I hear from a lot of people who don’t understand why being around their family pushes their buttons. They figure that because they’re however-old, or they don’t have these feelings or conflicts in other areas of their life, or they have money, status, a great partner, a family of their own, a PhD, or they go to therapy or do yoga, meditate, journal or whatever, that they shouldn’t be unsettled by family. You know, they should be above all of this malarkey now, apparently.

One of my favourite bits of advice is from the author Liz Gilbert. She says “family know how to push your buttons because they’re the ones who installed them.” And do you know what? We push their buttons too, even if we consider ourselves to be good, kind, nice and the like. It’s not just with family, either. That’s why certain people get on our last nerves at work, set our teeth on edge, or bring out an uncharacteristic side.

It doesn’t even have to be about some ‘terrible’ thing we (or they) are doing. You can push someone’s buttons by being nice, or doing well at something. Some people’s buttons get pushed when you’re not as bothered by something as they’d like you to be. Whether you tread lightly, avoid a subject, ask nicely or bare your teeth, yep, buttons might get pushed. Basically, you can push someone’s buttons just by breathing.

Everyone has buttons, and all of us push other people’s buttons.

It’s easy, especially when you’re not around family all the time or you feel that you’ve done a lot of self-work, to believe that certain things shouldn’t bother you. But humans push each other’s buttons because we’re either playing a role, not playing the expected role, or old hurts, resentments and agendas are surfacing.

Someone pushing our buttons or us pushing theirs is a notification that emotional baggage is at work.

Keep in mind, also, that sometimes humans push buttons intentionally. Hell, sometimes we even deliberately antagonise ourselves. Even though we know that Uncle Terry always goes down the big debate route or that our sibling brings out our competitive or argumentative side or that our parent loves a good bitch and a moan only to disregard our advice anyway, or that our family don’t really do praise or talking about feelings, we still rock up expecting them to be different or ready to try to prove why they’re wrong to remain the same. So, for example, we visit our family and get up in our feelings when they don’t make enough of a fuss over a big achievement. Or, we try to make them discuss something even though we know they’re going to clam up.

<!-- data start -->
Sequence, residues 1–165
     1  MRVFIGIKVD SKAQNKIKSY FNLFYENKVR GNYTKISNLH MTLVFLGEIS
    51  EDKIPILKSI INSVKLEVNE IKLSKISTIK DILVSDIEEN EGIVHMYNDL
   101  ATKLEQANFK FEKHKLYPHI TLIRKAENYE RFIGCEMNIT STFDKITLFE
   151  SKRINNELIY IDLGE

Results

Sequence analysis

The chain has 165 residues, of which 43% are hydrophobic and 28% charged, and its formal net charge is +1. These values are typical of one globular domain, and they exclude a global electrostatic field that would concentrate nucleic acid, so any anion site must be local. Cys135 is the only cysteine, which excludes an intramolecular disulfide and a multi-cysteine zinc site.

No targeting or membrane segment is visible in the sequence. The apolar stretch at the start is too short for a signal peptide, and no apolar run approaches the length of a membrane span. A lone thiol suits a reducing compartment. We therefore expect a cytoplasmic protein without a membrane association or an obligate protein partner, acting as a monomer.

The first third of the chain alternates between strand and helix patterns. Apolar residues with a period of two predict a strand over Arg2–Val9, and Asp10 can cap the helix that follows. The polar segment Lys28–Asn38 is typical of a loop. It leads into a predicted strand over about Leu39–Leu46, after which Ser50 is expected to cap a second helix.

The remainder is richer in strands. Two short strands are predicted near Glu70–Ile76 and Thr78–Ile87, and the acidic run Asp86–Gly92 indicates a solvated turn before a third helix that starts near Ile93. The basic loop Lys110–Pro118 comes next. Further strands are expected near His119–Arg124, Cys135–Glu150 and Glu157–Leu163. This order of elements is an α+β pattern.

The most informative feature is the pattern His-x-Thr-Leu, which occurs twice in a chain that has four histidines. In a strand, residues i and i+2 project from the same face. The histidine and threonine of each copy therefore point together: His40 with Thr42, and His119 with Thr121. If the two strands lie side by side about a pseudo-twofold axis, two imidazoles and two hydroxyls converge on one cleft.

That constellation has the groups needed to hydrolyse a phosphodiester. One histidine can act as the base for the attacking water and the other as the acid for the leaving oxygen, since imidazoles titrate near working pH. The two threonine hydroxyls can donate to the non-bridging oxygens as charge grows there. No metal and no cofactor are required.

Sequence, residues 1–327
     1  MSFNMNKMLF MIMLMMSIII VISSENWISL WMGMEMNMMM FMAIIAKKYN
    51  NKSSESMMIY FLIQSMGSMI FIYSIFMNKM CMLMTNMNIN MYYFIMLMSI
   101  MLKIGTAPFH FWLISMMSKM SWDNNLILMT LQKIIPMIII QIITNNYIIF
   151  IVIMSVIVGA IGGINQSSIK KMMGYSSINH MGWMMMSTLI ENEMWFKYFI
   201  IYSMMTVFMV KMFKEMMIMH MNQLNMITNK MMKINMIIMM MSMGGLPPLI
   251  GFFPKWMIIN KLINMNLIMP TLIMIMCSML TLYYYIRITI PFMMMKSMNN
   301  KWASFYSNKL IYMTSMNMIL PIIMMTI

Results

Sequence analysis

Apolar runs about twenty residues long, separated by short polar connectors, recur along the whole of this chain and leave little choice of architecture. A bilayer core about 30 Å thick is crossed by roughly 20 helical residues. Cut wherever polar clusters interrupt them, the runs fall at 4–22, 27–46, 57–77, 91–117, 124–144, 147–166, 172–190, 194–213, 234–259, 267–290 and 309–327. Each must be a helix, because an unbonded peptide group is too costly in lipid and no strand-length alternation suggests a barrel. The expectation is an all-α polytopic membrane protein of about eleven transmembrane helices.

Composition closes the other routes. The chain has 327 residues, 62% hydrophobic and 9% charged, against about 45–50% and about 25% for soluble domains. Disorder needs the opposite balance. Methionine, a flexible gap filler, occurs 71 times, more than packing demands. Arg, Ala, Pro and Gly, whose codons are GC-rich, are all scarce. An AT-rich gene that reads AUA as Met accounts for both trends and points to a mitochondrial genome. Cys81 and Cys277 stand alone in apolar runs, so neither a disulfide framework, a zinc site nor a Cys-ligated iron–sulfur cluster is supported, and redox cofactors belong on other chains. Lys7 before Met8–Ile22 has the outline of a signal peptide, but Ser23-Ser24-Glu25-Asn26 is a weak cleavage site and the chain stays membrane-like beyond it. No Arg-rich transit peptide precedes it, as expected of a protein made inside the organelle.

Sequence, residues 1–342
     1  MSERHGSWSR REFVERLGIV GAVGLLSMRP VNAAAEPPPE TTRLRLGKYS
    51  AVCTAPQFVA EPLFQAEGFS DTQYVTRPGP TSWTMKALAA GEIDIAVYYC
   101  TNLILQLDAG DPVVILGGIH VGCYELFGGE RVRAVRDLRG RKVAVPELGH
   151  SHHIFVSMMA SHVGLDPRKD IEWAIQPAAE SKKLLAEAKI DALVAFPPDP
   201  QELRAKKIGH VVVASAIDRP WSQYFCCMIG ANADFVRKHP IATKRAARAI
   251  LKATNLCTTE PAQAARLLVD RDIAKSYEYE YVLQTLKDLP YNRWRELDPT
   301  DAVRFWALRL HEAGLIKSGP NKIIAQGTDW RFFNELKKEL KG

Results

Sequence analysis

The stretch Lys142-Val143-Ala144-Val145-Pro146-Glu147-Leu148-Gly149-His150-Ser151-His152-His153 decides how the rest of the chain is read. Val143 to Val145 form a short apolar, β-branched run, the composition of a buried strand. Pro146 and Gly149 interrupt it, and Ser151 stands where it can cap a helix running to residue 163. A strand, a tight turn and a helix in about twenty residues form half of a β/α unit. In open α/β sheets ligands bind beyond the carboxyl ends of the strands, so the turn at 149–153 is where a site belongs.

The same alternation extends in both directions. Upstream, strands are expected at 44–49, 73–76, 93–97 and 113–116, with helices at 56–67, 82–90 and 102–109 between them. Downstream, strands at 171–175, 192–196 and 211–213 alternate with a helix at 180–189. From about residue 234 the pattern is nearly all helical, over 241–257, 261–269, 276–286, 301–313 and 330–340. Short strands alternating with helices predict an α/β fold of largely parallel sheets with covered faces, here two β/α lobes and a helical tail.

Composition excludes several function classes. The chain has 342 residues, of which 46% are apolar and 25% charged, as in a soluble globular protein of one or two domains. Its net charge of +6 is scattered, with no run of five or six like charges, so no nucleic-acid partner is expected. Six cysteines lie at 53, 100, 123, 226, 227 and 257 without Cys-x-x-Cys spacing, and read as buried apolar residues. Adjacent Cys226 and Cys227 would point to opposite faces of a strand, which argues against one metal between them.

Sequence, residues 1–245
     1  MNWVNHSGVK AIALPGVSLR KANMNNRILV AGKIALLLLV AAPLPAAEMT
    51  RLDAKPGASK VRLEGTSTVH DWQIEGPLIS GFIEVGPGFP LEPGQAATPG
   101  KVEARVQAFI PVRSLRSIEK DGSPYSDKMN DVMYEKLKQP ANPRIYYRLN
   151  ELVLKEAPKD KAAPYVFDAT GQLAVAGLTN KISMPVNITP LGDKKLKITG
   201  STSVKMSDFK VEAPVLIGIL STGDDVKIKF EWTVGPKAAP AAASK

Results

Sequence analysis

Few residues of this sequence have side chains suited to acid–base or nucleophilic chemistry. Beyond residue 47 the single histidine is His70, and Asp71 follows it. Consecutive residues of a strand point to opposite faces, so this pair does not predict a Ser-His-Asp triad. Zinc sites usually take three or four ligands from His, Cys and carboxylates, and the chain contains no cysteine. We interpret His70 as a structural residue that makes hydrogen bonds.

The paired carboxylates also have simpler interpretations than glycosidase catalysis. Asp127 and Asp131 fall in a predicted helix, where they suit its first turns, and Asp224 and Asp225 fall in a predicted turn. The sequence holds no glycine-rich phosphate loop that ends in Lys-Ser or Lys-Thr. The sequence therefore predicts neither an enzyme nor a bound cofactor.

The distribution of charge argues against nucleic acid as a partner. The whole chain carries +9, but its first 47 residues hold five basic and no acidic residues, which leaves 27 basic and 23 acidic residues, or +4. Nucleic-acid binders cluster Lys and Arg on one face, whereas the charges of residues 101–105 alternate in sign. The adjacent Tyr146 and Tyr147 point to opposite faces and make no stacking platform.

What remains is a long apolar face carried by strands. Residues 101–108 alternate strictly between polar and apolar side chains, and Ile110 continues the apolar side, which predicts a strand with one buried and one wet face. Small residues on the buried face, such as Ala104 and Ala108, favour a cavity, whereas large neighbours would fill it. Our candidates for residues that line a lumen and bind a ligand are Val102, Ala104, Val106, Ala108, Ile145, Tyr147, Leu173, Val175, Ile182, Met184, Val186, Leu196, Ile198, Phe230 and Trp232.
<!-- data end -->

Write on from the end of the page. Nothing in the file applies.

What’s your button?

Part of changing the sensitivity or even deactivating a button is using incidences of being unsettled to notice what’s coming up for you (or them). What’s the baggage behind it? Who or what are you being reminded of? Even if they’re getting on your last nerve, what does their response tell you about their baggage?

Acknowledging the theme to the upsets helps you to recognise what the button is. Maybe it’s being ignored, comparison, lack of recognition, being dumped on, scapegoated, oneupmanship. Perhaps it’s being wrong, disagreed with, criticised, your sibling getting their way, feeling gaslighted again. It could be unfairness, like when your parents don’t do something for you but seem to do it for someone else. Maybe it’s being falsely accused or someone describing you incorrectly and proving how little they know you.

Remember, also, that there’s a theme to other people’s buttons. Acknowledging this stops you from being surprised by why they’re behaving as they are.

Notice whether you (and they) have fallen into roles and consciously go out of your way to step out of yours. Acknowledge where you regress and where you deviate from a sense of self that’s normally intact. Addressing which buttons get pushed is also about choosing to consciously respond even a little bit differently each time.

Something might push your button but you don’t have to make up a negative story about it or get sucked in.

You don’t have to play your usual role or prove that you’re right or keep expecting them to be different from who they are.

It’s also about not trying to control the uncontrollable. When you do, you get to grow out of the old patterns.

Most of all, accept that buttons will get pushed from time to time. Endeavour, however, to use incidences to become more mindful and boundaried. You’ll still have your buttons, but healthy boundaries will allow you to take care of yourself.

Are you ready to stop silencing and hiding yourself in an attempt to ‘please’ or protect yourself from others? My book, The Joy of Saying No: A Simple Plan to Stop People Pleasing, Reclaim Boundaries, and Say Yes to the Life You Want (Harper Horizon), is out now.

The Joy of Saying No by Natalie Lue book cover. Subtitle: A simple plan to stop people pleasing, reclaim boundaries, and say yes to the life you want.
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